Marks and Spencer has signed a contract with supply chain traceability specialist Historic Futures that will give total “raw material to store” traceability on all its non-food products, as part of its environmental initiative Plan A.
Under the agreement Historic Futures will provide its “String” service, collecting information from the extended supply chain, describing where and how every product is made, including the source of the raw materials such as cotton and wool.
“String” is designed to enable each organisation in the supply chain to record and share relevant information – even at the far end of the chain, such as cotton fields.
[asset_ref id=”482″] cotton is one of the raw materials that will be traced from the farm
For a cotton t-shirt, for example, it will give exact information on where the cotton is grown; the yarn is spun; the fabric is produced; the fabric is dyed; where it is manufactured.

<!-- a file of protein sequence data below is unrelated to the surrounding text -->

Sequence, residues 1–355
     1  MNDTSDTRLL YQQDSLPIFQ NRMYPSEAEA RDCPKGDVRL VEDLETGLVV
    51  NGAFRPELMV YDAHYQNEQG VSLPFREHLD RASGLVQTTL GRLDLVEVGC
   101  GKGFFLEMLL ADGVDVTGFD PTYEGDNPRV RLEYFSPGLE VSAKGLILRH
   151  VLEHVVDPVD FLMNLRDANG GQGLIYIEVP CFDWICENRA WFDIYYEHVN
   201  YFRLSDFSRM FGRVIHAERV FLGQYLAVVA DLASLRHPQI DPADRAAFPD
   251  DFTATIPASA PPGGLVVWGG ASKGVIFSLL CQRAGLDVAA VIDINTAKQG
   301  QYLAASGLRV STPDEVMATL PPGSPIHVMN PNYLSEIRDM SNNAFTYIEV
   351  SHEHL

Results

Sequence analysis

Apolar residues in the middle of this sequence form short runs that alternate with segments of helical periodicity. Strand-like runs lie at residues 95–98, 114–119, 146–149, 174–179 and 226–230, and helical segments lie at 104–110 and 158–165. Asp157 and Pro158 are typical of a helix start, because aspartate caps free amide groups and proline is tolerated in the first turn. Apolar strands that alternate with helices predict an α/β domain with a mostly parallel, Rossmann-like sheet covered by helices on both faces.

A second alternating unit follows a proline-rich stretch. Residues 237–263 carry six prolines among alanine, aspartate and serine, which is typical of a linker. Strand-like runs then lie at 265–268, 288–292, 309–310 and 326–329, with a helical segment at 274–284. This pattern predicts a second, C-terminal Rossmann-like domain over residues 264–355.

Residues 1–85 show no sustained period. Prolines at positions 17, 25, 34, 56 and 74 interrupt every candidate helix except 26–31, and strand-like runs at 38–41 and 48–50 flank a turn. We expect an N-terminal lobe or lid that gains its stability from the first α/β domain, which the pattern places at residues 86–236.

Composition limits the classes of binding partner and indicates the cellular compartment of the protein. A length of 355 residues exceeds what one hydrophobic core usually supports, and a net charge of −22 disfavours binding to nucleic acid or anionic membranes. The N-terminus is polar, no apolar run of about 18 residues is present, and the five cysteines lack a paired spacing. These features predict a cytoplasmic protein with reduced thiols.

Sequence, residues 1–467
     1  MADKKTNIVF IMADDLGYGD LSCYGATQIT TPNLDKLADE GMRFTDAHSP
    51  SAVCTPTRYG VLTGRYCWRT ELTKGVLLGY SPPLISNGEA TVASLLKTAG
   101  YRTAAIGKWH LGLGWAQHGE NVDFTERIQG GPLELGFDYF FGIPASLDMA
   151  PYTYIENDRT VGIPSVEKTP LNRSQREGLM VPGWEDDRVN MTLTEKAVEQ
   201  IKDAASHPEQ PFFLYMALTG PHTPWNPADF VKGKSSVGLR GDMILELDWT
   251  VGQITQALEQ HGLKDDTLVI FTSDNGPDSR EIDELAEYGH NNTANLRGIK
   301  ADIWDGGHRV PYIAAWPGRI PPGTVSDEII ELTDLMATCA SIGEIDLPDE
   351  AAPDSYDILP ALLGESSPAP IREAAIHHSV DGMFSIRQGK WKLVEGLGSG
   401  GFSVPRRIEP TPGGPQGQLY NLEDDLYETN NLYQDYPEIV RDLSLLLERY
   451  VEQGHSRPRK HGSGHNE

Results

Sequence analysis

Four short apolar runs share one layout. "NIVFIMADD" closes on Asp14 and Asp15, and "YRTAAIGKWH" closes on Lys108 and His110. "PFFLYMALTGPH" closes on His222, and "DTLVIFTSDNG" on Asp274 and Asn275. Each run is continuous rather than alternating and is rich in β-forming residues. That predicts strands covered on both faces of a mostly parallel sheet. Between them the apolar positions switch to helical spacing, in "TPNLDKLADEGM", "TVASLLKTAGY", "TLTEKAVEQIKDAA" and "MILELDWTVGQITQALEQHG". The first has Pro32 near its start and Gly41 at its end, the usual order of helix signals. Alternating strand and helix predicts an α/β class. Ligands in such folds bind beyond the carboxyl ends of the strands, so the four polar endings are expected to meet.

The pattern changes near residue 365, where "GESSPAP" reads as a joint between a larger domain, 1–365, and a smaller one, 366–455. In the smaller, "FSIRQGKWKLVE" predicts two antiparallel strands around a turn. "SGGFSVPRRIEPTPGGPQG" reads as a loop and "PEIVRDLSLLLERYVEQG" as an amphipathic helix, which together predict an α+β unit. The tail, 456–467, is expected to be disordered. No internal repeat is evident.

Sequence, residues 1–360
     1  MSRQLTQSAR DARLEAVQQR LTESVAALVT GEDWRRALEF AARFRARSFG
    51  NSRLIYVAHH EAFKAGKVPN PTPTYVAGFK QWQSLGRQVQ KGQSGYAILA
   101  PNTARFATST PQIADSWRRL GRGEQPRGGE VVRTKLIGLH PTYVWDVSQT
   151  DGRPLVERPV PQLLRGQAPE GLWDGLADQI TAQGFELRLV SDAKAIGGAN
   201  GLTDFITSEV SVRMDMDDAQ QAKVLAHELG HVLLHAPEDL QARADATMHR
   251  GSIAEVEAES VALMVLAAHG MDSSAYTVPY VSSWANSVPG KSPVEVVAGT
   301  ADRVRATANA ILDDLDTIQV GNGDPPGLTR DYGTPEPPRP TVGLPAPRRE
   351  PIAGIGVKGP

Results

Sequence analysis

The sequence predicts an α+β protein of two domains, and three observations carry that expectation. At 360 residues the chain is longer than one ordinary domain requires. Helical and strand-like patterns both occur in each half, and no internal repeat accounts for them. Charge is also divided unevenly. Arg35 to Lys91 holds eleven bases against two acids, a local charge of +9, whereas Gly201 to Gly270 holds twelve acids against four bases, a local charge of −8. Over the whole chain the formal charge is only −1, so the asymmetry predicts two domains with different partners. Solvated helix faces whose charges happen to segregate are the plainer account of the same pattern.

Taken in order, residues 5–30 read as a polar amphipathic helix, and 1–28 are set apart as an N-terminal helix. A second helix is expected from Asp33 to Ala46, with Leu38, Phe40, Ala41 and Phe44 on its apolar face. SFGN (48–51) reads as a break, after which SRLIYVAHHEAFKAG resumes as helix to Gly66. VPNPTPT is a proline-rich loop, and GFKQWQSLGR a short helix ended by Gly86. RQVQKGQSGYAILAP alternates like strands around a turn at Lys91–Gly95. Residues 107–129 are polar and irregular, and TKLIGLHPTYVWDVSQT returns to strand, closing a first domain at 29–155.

The initial roll-out of the system is taking place this year for M&S kidswear and will be rolled out to other areas in future.
Mark Sumner, sustainable raw material specialist at Marks & Spencer, said: “Full traceability will give us even greater ability to differentiate M&S products from our competitors. Identifying every raw material source, spinner and fabric mill gives us the ability to have stronger connections with our extended supply chain, more marketing power and the ability deliver on the trust that our customers expect from us.
“We already have among the best traceability levels in the industry, but this will set us apart from other retailers. Most retailers can only pinpoint the manufacturer of their products and some, who buy through third parties, cannot even go to that level.”
Historic Futures was founded in 2003 and is based in Oxfordshire. Tim Wilson, Managing Director of Historic Futures, said: “The ability to visualise the entire supply-chain is fast becoming essential in today’s marketplace with increasing interest from consumers, complicated product safety and environmental rules as well as volatile markets for raw materials.”
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